Michael Schlatter (1716-1790), a Swiss of St Gall, sent to America in 1746 by the Synods (Dutch Reformed) of Holland, immediately convened Boehm, Weiss and Rieger in Philadelphia, and with them planned a Coetus, which first met in September 1747; in 1751 he presented the cause of the Coetus in Germany and Holland, where he gathered funds; in 1752 came back to America with six ministers, one of whom, William Stoy (1726-1801), was an active opponent of the Coetus and of clericalism after 1772.
Many churches and pastors were independent of the Coetus, notably John Joachim Zubly (1724-1781), of St Gall, who migrated to S.
Within the Coetus there were two parties.
The Coetus had actually assumed the power of ordination in 1772 and formally assumed it in 1791; in 1792 a synodical constitution was prepared; and in 1793 the first independent synod met in Lancaster and adopted the constitution, thus= becoming independent of Holland.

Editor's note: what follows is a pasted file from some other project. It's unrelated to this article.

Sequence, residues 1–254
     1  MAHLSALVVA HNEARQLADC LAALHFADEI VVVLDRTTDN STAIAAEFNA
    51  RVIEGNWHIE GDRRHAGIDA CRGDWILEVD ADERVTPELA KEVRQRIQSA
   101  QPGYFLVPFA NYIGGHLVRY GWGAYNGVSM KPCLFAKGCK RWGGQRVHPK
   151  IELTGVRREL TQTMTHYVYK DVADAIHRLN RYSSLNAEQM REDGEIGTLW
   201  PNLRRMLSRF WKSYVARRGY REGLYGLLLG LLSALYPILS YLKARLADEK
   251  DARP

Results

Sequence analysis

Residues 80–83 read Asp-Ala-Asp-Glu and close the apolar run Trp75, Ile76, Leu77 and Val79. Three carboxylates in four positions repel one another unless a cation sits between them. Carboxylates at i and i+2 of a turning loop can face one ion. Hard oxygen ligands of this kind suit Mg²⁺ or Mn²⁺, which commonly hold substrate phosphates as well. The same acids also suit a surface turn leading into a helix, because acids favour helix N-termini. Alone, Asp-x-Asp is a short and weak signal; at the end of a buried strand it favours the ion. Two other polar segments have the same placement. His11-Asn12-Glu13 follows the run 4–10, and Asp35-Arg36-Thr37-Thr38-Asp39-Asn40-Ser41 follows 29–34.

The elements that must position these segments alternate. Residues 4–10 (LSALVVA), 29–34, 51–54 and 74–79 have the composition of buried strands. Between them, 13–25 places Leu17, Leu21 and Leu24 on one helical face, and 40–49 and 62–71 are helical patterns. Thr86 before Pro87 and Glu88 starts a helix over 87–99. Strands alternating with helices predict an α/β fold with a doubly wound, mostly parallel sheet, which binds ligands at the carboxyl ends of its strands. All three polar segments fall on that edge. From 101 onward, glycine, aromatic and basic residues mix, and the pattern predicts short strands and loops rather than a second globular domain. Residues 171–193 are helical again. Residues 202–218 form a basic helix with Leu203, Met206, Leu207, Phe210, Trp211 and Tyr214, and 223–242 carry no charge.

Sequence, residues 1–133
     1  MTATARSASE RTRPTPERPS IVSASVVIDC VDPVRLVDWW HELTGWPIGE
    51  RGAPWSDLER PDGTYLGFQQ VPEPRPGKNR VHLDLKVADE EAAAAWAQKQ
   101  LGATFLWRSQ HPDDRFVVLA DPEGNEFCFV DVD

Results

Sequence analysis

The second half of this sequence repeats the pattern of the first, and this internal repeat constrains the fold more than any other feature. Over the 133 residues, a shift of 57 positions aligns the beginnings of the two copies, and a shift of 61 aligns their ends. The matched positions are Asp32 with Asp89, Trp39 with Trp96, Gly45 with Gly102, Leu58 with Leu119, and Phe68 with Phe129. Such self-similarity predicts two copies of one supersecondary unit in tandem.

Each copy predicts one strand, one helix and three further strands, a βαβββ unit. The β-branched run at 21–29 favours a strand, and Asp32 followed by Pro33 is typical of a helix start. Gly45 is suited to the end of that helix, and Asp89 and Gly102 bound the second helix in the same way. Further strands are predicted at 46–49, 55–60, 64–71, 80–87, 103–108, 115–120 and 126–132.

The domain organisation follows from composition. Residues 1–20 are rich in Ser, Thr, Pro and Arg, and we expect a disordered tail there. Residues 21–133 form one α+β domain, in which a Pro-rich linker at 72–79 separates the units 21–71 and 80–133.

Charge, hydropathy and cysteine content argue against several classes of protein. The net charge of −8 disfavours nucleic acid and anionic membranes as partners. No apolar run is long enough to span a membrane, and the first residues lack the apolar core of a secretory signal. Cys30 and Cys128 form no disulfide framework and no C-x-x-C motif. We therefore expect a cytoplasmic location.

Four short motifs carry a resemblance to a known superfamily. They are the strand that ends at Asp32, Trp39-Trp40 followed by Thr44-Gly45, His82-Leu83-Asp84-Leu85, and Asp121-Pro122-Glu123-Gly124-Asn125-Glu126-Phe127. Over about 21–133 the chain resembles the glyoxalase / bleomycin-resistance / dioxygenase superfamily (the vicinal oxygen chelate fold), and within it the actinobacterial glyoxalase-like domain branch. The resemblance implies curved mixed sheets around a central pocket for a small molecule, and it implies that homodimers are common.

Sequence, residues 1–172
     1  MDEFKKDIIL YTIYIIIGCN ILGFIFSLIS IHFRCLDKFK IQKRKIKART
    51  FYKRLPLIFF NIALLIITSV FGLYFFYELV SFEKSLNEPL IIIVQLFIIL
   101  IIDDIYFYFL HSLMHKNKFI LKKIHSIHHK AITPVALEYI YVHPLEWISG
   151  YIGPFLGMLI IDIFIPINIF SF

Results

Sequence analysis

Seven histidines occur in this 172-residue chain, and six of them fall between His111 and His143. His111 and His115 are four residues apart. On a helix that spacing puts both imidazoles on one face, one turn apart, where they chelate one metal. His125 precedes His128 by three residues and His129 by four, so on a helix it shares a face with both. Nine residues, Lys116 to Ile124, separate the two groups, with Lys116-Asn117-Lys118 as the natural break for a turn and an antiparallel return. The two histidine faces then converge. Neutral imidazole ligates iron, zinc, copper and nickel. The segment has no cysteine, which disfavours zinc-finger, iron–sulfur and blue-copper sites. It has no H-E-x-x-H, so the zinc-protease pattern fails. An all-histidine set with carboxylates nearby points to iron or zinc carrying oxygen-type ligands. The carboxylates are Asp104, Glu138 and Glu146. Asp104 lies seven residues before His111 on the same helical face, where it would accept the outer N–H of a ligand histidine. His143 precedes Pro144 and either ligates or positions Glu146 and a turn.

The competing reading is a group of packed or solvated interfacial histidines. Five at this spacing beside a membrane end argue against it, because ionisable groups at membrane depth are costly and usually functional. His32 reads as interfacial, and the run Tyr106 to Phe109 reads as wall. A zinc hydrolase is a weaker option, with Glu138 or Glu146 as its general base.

The principal organizations of the Church are: the Board of Publication (1844); the Society for the Relief of Ministers and their Widows (founded in 1755 by the Pennsylvania Coetus; incorporated in 1810; transferred to the Synod in 1833); a Board of Domestic Missions (1826); a Board of Foreign Missions (1838; reorganized in 1873), which planted a mission in Japan (1879), now a part of the Union Church of Japan, and one in China (1900).